What is measured, can be managed. Without quantifying employees’ work activities, organisations will often have to guess what changes need to be made. For decades, safety experts have performed workplace assessments using a clipboard, a tape measure, a camera and sometimes a force gauge.

However, the use of traditional measurement tools leaves several critical, unanswered questions.

  • How often does the worker perform that task?
  • How do different workers complete the same task?
  • Is the worker changing the way they would usually complete the task because there is someone recording their work activity?

The answers to these questions are essential for making informed decisions and improving workplace safety and efficiency.

Digitised tools are now available and have become far more user-friendly in the last decade. Options include movement sensors, digital force gauges and muscle activity sensors (EMG) which provide insights on load and muscular exertion. More often than not, risks for injury will come from the combination of a number of factors, and occur over an undetermined time period.

3. Make decisions based on data, not opinions

At the higher level of business, board members seek data that they can rely on — financial figures, injury data, productivity statistics and macroeconomic factors. Businesses will push for timely and accurate information to inform their decision-making. They now have the same opportunity when it comes to manual handling injuries.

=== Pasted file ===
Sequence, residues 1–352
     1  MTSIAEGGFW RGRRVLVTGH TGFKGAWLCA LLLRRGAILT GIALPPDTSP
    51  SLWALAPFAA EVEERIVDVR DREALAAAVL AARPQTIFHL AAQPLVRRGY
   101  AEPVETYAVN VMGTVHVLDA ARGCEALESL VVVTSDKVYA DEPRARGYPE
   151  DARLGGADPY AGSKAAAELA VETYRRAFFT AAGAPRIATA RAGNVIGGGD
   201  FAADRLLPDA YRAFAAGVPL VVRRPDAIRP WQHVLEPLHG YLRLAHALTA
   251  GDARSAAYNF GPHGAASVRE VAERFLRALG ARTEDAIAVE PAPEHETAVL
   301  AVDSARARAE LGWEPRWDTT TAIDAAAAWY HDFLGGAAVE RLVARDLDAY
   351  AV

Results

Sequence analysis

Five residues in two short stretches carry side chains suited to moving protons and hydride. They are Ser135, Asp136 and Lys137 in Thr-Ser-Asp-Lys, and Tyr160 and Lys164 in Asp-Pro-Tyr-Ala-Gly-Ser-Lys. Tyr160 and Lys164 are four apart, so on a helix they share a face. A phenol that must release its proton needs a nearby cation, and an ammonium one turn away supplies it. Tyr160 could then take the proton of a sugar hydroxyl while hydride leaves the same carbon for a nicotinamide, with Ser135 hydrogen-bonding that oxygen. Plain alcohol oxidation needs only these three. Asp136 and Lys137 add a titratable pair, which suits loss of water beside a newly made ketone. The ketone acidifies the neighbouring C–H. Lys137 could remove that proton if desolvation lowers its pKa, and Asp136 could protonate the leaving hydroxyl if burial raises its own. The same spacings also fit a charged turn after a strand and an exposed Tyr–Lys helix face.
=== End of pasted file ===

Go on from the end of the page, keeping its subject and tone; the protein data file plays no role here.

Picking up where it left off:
Access to data-gathering tools is now more accessible than ever and will help to capture data on workers’ movements and load to inform decisions on what to change, modify, eradicate or fine-tune. This puts organisations in a powerful position. By using the latest technology to inform decision-making, they can both keep workers safe and supply these groundbreaking insights to senior management and executive teams.

4. Test potential solutions using data to inform best practice

Once accurate baseline data has been captured, this acts as the standard or base case against which each proposed intervention can be compared. In this way, organisations can test various potential solutions, iterate them as they choose, and keep comparing the data back to the original base case.

Being able to capture movement, muscle activity, video, heart rate, impact and vibration data over a worker’s full shift, enables an assessment of the worker’s exertion and cumulative movements, and provides insights on productivity. It is essential to understand the impact on productivity to ensure the solution can be embraced by all levels of the organisation.

5. Implement the solution

The implementation of a chosen solution is a critical step, and many projects may fail at this final hurdle. There should be a thorough and well-informed implementation plan scheduled on a realistic timeframe, with measurable touchpoints to ensure the efficacy of the program. This may even require a project manager, an ambassador to engage with workers, and an easily accessible FAQ for workers to use when required. The implementation part of the project will also need to be adequately budgeted, with relevant documentation updated and key staff trained adequately on the solution to be implemented.

dorsaVi manufactures wearable sensors to monitor and prevent workplace MSD injuries. Click here to learn more.